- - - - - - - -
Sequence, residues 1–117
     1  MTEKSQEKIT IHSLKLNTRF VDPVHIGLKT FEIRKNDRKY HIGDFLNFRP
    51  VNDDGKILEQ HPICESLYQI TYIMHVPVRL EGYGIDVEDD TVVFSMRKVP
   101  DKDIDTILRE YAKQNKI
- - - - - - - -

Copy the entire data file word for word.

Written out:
Sequence, residues 1–117
     1  MTEKSQEKIT IHSLKLNTRF VDPVHIGLKT FEIRKNDRKY HIGDFLNFRP
    51  VNDDGKILEQ HPICESLYQI TYIMHVPVRL EGYGIDVEDD TVVFSMRKVP
   101  DKDIDTILRE YAKQNKI